New Zealand's Sub-Antarctic Islands - 2008

Well, we got one more wonderful treat as we walked through the magnificent landscape—the antics of the New Zealand pipit! This little wisp of a bird, so saucy and curious, popped up and down in the megaherbs while we smiled and laughed and tried to get photos of him. He’s not so colorful as the plants around him, but he is so hyperactive that he’s in constant motion—flapping his wings, stomping his tiny feet, jumping in place, darting hither and yon, that you cannot miss him. He also is a success story of the island because he is a ground-nester and could not survive the assaults of the rats before they were eradicated. Now he has come back to his home and is living well and even merrily where Nature intended him to be! Departing on the Zodiacs to return to the Odyssey was bitter-sweet: the visit to this wonderful island was thoroughly enjoyable but it was hard to tear ourselves away from the experience knowing that it was truly a once-in- lifetime privilege. However, the Expedition Leader had another special experience in store for us in the afternoon; a Zodiac trip around the coast of Campbell and among the rock stacks, skerries, and arches standing out from the main landmass. We could sign up for one or two hour rides, but the tours were so awe-inspiring and gorgeous that everyone ended up wanting the complete adventure. Incredibly, the blue sky continued to blaze above our heads and sunlight carefully delineated every angle of rock, every waving tussock grass, every serpentine piece of giant kelp flowing back and away with the tide, every feather flick on the exposed ledges, every direction change in the layering of the geologic strata, every shadow under an rock arch or an outcrop. On the Zodiac cruise, we saw many seabirds as well, some a-wing over us and others standing unsteadily on rock slides plunging towards the seawaters, others on the protuberances: endemic yellow-eyed penguins with an estimated population of only 4000-5000 pairs), Eastern Rockhopper penguins all jaunty with their yellow crests and red eyes, lightly mantled sooty albatross, rare Campbell Albatross and grey-headed ones too.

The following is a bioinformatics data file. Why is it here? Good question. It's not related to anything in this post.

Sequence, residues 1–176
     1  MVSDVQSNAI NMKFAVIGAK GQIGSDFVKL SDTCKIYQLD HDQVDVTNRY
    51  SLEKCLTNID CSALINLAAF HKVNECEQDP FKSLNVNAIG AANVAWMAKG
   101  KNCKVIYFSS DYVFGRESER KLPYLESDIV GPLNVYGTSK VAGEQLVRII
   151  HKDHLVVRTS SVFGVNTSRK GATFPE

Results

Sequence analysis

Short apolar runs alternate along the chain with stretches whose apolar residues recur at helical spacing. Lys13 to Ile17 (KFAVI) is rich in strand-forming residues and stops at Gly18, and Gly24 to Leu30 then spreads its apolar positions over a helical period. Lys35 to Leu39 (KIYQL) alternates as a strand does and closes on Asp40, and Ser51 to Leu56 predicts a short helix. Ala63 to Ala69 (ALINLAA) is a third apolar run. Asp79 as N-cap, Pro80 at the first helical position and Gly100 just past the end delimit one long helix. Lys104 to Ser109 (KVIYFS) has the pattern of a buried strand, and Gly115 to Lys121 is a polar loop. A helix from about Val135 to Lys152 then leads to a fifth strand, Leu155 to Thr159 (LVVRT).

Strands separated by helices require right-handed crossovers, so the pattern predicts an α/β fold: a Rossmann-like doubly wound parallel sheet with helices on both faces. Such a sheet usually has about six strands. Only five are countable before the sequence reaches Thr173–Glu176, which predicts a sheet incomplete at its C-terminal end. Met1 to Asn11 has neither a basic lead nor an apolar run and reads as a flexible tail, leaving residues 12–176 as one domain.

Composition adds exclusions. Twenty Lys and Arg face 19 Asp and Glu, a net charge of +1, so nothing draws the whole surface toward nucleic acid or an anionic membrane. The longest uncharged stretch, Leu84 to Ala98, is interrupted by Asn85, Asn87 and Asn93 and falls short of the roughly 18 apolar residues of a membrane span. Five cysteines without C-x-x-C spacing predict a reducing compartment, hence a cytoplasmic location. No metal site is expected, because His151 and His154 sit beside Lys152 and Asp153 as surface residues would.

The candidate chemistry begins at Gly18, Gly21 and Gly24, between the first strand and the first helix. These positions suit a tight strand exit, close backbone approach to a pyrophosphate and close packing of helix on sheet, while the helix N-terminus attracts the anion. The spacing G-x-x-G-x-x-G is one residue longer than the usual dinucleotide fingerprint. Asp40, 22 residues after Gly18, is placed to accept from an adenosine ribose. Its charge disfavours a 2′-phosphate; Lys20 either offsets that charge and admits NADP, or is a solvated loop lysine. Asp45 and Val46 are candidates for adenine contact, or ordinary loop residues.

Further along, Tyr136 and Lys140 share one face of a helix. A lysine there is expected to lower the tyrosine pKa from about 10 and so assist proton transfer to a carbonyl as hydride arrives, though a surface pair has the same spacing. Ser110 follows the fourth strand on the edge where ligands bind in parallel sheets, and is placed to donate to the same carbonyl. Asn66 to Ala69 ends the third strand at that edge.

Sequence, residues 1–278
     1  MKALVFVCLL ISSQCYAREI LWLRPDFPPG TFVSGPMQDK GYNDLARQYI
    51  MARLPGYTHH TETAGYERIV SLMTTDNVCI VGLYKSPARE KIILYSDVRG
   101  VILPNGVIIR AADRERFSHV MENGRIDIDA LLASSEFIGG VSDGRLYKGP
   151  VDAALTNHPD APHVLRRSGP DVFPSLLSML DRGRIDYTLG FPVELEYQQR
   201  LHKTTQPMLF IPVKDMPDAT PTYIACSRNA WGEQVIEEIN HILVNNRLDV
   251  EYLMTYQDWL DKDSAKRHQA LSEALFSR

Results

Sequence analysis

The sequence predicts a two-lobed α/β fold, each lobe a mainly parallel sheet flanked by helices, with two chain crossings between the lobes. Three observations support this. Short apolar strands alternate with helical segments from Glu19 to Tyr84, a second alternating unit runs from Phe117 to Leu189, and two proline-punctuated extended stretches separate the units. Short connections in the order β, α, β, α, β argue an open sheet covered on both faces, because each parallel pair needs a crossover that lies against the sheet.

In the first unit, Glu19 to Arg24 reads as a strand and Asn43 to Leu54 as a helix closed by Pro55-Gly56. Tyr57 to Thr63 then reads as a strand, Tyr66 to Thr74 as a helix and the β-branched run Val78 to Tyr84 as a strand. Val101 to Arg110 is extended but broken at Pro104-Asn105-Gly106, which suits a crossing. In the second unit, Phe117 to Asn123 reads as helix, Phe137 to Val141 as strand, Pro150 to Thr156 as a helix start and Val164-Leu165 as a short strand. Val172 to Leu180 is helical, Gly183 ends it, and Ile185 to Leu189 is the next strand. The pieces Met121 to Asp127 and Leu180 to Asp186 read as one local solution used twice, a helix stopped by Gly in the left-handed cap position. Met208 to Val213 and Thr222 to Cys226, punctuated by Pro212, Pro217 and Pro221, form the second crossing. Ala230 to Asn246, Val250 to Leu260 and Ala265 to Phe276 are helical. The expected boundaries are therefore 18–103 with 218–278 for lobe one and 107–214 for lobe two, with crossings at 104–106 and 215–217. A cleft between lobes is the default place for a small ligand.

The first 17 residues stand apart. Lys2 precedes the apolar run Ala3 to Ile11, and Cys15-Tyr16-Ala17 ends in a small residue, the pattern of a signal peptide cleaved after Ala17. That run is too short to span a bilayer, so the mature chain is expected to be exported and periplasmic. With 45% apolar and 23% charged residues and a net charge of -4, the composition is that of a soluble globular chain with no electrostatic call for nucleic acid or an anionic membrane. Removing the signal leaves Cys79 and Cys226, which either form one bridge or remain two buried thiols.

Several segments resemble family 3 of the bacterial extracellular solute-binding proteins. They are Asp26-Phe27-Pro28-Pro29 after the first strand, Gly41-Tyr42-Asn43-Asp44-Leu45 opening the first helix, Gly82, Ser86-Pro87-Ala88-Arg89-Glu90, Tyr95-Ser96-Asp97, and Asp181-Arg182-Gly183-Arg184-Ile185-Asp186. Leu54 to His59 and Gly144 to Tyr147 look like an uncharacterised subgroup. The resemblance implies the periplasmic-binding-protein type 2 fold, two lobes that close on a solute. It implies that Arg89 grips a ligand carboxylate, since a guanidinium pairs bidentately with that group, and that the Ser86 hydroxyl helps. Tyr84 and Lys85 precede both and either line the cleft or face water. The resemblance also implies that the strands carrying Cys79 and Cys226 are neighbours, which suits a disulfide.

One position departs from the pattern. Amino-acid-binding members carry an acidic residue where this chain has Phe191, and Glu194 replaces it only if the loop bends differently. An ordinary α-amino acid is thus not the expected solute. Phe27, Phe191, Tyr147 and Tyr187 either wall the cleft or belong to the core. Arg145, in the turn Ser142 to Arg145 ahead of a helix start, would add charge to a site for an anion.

Can ‘t remember whether or not I have defined “endemic” before: it means

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